In the darkened room it takes time for the eye and mind to adjust and piece together the fragmented images into stylized life-sized figures. Some are frontal, stiff, with flared black skirts and tasseled white sashes. Some, with still bright eyes, unflinchingly return your stare. The largest figure sprawls headlong. Only when comparing him with another figure that stands next to a catfish on a rod does it become horribly clear that he is not wearing a huge black headdress: his head has disappeared into the whiskered mouth of a giant catfish. There are yellow figures, naked, with the rounded forms of oversized toddlers. Most haunting of all is a small being unlike any of the rest. He is totally black with just three white circles creating an expressive mouth and pair of eyes. He stands beneath the stepped Pueblo symbol of a rain cloud and holds a water jar in one hand and, in the other, a stick tipped with limp feathers. Moving back and forth between panels, a common element emerges in the cascades of droplets—life-giving liquid, the essence of fertility—and also small disembodied red hands. There have been many interpretations of the images, but, in the end, ours is not to know. This is the one and only place where a visitor can see and ponder such works, whose images remain central to the beliefs of Pueblo peoples. Their guarded privacy could be compared to the secrecy of the rites of Masons or Elks in the secular Anglo world. Over the past decades, awareness of, and a respect for, Native cultural stakeholders has led to the removal of sensitive materials from public view, restricting access to qualified professionals and tribal members.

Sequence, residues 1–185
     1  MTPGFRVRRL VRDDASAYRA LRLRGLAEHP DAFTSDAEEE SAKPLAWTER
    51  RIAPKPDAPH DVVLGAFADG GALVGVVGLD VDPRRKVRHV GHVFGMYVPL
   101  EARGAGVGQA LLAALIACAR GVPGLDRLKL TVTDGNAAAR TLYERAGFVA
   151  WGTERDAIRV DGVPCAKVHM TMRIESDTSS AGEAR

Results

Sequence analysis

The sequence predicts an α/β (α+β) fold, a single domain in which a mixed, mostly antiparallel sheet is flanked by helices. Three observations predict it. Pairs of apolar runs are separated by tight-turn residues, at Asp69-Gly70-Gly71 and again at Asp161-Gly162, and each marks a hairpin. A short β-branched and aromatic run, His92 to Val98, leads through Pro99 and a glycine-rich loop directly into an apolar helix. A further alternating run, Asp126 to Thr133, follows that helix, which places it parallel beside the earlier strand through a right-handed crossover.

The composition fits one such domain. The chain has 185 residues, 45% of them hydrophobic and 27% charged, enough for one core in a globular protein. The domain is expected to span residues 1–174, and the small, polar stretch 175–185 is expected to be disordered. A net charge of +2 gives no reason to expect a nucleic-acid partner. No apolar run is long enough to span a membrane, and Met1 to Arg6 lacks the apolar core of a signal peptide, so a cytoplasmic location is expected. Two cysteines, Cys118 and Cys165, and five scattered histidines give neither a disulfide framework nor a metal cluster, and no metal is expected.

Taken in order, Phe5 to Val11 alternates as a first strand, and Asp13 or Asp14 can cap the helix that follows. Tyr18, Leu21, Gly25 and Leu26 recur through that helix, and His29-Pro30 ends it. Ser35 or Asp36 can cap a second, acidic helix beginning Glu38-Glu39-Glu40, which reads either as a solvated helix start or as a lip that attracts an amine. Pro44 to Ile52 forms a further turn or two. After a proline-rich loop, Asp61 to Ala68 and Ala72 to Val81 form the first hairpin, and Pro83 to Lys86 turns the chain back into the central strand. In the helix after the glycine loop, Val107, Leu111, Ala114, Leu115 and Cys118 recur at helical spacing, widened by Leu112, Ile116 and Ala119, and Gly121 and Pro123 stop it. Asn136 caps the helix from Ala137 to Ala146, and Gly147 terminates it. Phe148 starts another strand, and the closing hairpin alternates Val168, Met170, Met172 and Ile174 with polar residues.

By agreement with nearby pueblos, only the fresco of the rabbit may be reproduced by Coronado Historic Site. Even this seemingly secular image is filled with suggestions of meaning. The rabbit is shot through with an arrow, and those disembodied red hands grasp at his feet.
How is it, you might wonder, that Hewett could commission for his cultural tourist attraction reproductions of a series of these images on the kiva walls they originally adorned from a Native artist, Valerio Herrera? Clearly standards of intercultural relations have evolved over seventy-five years. Moreover, according to the research of Leslie White (Bureau of Ethnology Report, 1962), Herrera was cast out of his native Zia Pueblo for following his elder brother into an evangelical Pentecostal sect. Both were declared “heretics” by their tribe because they avowed no faith in either Catholicism or traditional tribal religion. Hence, for Valerio, the Kuaua images would have been historic but not sacred.
Passionate but respectful rangers and guides at the site fulfill their stakeholder agreement. They offer no explanations of the images, though, with erudite humor, they can cite chapter and verse of conflicting archaeologists’ attempts. They permit no photography of the original murals or the recreations in the kiva; hence I cannot illustrate what I have described. Kept at a remove from our digital world, these are mysteries, reserved for the awe of direct experience, and most fittingly stored in the mind’s eye.
Penelope Hunter-Stiebel was a curator at the Metropolitan Museum of Art and the Portland Art Museum before settling in Santa Fe.